In Hatcher's Algebraic Topology P. 94, there is a claim:

For a map $f:A\rightarrow B$ between connected CW complexes, let $p:\tilde{M}_f \rightarrow M_f$ be universal cover of the mapping cylinder $M_f$. Then $\tilde{M}_f$ is itself the mapping cylinder of a map $\tilde{f}: p^{-1}(A)\rightarrow p^{-1}B$ since the line segments in the mapping cylinder structure on $M_f$ lift to line segments in $\tilde{M}_f$ defining a mapping cylinder structure.

For me, $\tilde{M}_f$ looks like a mapping cylinder. By to prove a space is a mapping cylinder is not easy. There are some problems to be solved. For example, how to define the $\tilde{f}$? How to give the homeomorphism between $\tilde{M}_f$ and $M_{\tilde{f}}$.

Can anyone give a rigorous proof for this claim?

I also hope to know the covering space $\bar{M}_f$ for $M_f$ if $\pi_1(\tilde{M}_f)$ is not trivial.


1 Answer 1


Denote $I' = [0,1)$.

The complex $A$ is locally simply connected (as a CW complex). Each simply-connected open $U\subset A$ embeds in $M_f$, and $U\times I' \subset M_f$ lifts to $\widetilde{M_f}$ (its embedding in $M_f$ factors through $p$ since $\pi_1$ of the embedding is the trivial homomorphism with respect to any basepoint).

Fix $x\in U$ and $x' \in p^{-1}(x)$. Let $h_U$ be the embedding $U\times I' \hookrightarrow \widetilde{M_f}$ such that $h_U(x,0)=x'$.

If $U,V\subset A$ are two simply connected opens then the lifts of $U\times I',V\times I'$ to $\widetilde{M_f}$ have compatible product structures in the sense that for any $x\in U\cap V$ and any $t\in I'$ we have $h_U(x,t)=h_V(x,t)$ for $h_U,h_V$ lifting $x$ to the same point $x'$.

Identifying $A\times I'$ with the appropriate subset of $M_f$, this shows why $p^{-1}(A\times I') \cong p^{-1}(A)\times I'$: we essentially covered $p^{-1}(A)$ with opens (the lifts of simply connected opens of $A$) and showed that multiplying everything with a half-open interval gives an open cover of $p^{-1}(A\times I')$.

(In rather more fancy language, we showed $p^{-1}(A\times I')$ has the structure of a trivial fiber bundle over $p^{-1}(A)$ with fiber $I'$.)

It is clear how to obtain a map $F:p^{-1}(A)\times I \to \widetilde{M_f}$ from the above: we already constructed it on the subspace $p^{-1}(A)\times I'$ (on which it is an embedding,) and on $p^{-1}(A)\times\{1\}$ one maps to $p^{-1}(B)$. Now we need to check that $$p^{-1}(A)\times I \bigsqcup p^{-1}(B) \overset{F\ \sqcup\ \mathrm{id}}{\to} \widetilde{M_f}$$ is a quotient map, or in other words that a subset of the range is open iff its preimage is open. One direction is clear, because the map above is continuous. You should be able to prove the other using the facts that $M_f$ is a quotient of $A\times I \sqcup B$ and that $p$ is a covering map.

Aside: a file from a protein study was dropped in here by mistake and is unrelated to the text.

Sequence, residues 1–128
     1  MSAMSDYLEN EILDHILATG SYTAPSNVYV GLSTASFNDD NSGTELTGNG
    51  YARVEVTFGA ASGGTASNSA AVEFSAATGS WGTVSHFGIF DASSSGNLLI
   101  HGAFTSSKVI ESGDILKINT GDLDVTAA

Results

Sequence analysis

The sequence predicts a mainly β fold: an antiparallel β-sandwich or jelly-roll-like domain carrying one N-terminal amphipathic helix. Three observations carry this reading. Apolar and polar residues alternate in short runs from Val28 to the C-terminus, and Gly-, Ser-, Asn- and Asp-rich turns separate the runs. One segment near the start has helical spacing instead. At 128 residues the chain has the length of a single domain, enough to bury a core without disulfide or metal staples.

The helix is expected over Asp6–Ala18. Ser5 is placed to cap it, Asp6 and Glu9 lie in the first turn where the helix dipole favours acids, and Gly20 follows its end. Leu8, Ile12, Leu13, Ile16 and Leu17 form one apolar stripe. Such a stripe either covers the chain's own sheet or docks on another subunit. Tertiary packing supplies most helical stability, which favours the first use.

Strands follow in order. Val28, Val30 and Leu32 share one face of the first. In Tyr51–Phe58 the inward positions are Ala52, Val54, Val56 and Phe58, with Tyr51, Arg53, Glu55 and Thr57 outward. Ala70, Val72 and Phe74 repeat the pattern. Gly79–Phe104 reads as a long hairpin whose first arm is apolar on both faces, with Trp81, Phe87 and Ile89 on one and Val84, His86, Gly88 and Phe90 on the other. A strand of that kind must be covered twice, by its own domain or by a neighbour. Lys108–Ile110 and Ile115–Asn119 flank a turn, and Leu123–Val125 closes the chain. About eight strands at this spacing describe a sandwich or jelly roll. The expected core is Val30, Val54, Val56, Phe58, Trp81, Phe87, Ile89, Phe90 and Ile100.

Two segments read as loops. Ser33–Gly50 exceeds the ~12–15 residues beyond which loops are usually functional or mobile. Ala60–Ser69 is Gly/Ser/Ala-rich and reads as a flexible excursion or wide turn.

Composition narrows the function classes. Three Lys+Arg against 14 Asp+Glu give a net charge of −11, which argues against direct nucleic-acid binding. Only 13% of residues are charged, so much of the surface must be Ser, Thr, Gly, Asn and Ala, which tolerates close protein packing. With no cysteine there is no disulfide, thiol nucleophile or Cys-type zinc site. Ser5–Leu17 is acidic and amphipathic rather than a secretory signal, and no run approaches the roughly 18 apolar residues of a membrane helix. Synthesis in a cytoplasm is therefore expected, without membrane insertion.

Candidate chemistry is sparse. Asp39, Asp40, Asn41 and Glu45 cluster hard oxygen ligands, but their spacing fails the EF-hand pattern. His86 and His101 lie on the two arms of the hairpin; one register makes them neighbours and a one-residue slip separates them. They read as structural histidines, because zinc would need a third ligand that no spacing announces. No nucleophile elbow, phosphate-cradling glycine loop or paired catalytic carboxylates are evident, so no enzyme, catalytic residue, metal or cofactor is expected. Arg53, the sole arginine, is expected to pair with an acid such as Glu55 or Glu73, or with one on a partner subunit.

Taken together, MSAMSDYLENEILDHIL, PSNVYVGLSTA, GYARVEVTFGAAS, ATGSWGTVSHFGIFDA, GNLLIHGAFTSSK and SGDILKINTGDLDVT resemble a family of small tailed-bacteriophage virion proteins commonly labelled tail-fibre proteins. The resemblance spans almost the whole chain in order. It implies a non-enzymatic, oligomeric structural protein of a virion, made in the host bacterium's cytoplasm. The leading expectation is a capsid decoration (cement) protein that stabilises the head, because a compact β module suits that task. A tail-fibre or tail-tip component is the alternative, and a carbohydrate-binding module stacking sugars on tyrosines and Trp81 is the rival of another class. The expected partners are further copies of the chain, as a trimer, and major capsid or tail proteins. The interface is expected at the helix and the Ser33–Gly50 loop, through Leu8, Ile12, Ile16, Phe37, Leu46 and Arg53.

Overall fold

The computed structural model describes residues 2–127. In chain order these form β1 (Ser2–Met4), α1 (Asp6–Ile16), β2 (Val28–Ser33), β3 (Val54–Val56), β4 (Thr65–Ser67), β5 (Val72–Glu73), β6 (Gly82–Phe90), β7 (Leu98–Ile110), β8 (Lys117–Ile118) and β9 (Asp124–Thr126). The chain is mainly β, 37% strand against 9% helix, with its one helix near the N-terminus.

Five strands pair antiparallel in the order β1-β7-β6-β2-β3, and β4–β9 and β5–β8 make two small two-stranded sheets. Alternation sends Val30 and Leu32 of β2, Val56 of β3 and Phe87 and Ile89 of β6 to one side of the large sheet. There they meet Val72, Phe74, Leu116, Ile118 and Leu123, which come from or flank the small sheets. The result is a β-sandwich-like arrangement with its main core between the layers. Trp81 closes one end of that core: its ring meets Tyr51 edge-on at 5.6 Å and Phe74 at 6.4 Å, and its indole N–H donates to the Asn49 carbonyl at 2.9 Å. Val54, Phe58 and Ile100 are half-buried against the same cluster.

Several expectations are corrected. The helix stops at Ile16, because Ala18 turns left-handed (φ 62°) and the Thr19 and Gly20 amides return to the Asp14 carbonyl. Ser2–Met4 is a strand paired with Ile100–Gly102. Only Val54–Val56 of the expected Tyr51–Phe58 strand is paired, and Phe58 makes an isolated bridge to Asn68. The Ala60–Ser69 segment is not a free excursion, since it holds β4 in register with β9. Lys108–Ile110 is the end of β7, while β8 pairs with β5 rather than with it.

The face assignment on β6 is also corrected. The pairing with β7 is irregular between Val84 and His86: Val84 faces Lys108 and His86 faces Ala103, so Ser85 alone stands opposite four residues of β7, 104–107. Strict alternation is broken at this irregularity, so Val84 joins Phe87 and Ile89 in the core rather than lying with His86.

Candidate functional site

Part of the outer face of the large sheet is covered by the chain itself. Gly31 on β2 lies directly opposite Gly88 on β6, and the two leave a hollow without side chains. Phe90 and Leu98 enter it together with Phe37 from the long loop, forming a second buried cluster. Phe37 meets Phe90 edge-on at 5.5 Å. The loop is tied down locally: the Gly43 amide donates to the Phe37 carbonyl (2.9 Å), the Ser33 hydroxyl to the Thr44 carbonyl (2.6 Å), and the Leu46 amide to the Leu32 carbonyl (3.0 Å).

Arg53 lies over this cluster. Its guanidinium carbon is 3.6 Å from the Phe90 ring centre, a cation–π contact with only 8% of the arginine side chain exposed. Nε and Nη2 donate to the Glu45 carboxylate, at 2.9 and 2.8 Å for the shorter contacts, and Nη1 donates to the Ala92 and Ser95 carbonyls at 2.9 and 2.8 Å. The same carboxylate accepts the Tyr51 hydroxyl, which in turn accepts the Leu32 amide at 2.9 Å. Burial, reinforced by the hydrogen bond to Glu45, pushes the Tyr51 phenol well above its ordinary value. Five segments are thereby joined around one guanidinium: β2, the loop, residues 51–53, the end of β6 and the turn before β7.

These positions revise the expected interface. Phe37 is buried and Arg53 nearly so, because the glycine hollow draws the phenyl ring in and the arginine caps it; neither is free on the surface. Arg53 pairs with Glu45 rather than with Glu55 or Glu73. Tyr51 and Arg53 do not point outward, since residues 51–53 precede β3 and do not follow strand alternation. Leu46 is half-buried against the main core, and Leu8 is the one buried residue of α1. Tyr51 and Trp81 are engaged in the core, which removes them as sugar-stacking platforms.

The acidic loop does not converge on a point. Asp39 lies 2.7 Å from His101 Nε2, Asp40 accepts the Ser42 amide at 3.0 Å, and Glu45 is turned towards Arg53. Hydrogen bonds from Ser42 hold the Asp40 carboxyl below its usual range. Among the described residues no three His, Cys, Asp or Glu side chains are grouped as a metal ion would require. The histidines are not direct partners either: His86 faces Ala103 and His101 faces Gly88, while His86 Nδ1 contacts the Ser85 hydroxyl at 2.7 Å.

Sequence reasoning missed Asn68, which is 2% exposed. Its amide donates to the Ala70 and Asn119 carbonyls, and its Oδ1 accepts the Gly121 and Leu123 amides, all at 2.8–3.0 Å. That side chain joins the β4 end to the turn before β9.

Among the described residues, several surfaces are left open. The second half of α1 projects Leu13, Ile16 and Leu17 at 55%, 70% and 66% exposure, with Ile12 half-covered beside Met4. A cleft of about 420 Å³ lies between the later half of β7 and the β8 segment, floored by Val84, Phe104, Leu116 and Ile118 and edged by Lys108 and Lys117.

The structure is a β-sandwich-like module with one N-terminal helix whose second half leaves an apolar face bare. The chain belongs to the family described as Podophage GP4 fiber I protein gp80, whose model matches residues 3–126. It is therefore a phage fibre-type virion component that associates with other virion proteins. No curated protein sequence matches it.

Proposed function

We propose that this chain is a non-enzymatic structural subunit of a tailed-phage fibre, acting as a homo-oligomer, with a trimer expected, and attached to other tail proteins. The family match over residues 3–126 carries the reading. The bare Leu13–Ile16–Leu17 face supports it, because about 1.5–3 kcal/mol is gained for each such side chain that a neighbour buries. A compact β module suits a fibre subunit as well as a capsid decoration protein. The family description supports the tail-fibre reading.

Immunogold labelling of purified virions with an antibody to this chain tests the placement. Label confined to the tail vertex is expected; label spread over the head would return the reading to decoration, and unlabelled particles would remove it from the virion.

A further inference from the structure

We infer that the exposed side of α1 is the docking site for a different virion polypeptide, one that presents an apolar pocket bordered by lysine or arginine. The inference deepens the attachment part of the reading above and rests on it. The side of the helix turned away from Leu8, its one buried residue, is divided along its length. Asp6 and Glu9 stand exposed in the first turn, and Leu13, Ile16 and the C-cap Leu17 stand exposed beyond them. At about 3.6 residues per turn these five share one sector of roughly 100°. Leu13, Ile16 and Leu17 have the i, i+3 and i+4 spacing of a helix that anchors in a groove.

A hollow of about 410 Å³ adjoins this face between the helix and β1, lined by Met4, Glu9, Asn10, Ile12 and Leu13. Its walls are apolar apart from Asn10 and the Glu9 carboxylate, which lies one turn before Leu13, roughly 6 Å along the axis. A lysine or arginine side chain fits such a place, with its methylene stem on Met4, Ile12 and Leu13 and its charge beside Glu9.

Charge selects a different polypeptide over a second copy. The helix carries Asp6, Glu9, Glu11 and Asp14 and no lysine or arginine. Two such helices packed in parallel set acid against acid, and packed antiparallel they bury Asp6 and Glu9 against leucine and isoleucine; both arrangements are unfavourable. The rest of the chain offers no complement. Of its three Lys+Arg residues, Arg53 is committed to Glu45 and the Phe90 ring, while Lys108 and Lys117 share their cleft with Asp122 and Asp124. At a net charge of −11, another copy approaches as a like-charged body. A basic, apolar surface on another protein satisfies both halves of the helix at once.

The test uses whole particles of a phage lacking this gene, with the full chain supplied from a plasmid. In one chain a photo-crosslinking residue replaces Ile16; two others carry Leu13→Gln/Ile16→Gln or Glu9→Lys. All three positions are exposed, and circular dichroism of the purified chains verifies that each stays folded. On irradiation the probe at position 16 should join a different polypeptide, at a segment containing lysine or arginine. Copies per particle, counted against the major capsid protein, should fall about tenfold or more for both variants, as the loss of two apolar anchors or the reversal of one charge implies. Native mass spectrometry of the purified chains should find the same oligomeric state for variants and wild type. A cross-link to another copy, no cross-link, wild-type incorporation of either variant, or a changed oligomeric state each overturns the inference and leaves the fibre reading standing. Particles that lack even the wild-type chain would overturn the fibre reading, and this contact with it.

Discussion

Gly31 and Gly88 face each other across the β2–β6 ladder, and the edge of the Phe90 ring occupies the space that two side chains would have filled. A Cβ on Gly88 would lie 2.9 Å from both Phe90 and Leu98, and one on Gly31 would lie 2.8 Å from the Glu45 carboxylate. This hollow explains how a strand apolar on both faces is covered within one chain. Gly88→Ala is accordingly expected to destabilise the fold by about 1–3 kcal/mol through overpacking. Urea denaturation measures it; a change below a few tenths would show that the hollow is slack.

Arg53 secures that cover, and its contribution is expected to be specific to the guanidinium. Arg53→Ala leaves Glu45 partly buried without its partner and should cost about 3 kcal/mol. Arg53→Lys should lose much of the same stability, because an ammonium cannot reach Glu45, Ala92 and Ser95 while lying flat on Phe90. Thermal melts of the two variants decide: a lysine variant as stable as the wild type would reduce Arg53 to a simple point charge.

To be explicit, the map $\tilde{f}$ for which $\widetilde{M_f}$ is the mapping cylinder can be defined as follows: for a point $x\in p^{-1}(A)$, use path lifting to lift the "vertical" segment in $M_f$ connecting $p(x)$ with $f(p(x))$ up to $\widetilde{M_f}$ such that $p(x)$ is lifted to $x$, and let $\tilde{f}(x)$ be this segment's other endpoint.

  • $\begingroup$ Thank Geva Yashfe very much! Your answer helps a lot. Your explain about $p^{-1}(A\times [0,1)$ is perfect. As I am not good at topology, I still have some confusion. 1) Is there any easy way to see that $\tilde{f}$ at the end of your answer is continuous? 2) How to see that $F:p^{-1} \times I\rightarrow \tilde{M}_f$ is continuous? $\endgroup$
    – user374918
    Feb 22, 2022 at 2:01
  • 1
    $\begingroup$ 1) You want to show that the preimage of an open in $p^{-1}(B)$ is open. It's enough to check this for those opens which lie over a simply connected open $V$ of $B$, because these are a basis for the topology. Consider the part of $M_f$ over $V$: it contains $f^{-1}(V)\subset A \subset M_f$, it is simply connected (because it deformation retracts to $V$) so it lifts to $\widetilde{M_f}$. Continuity follows from continuity for $f$. The argument for 2) is similar. $\endgroup$ Feb 22, 2022 at 11:24
  • $\begingroup$ Thanks a lot! I will figure out the detail following your comments. $\endgroup$
    – user374918
    Feb 23, 2022 at 3:10

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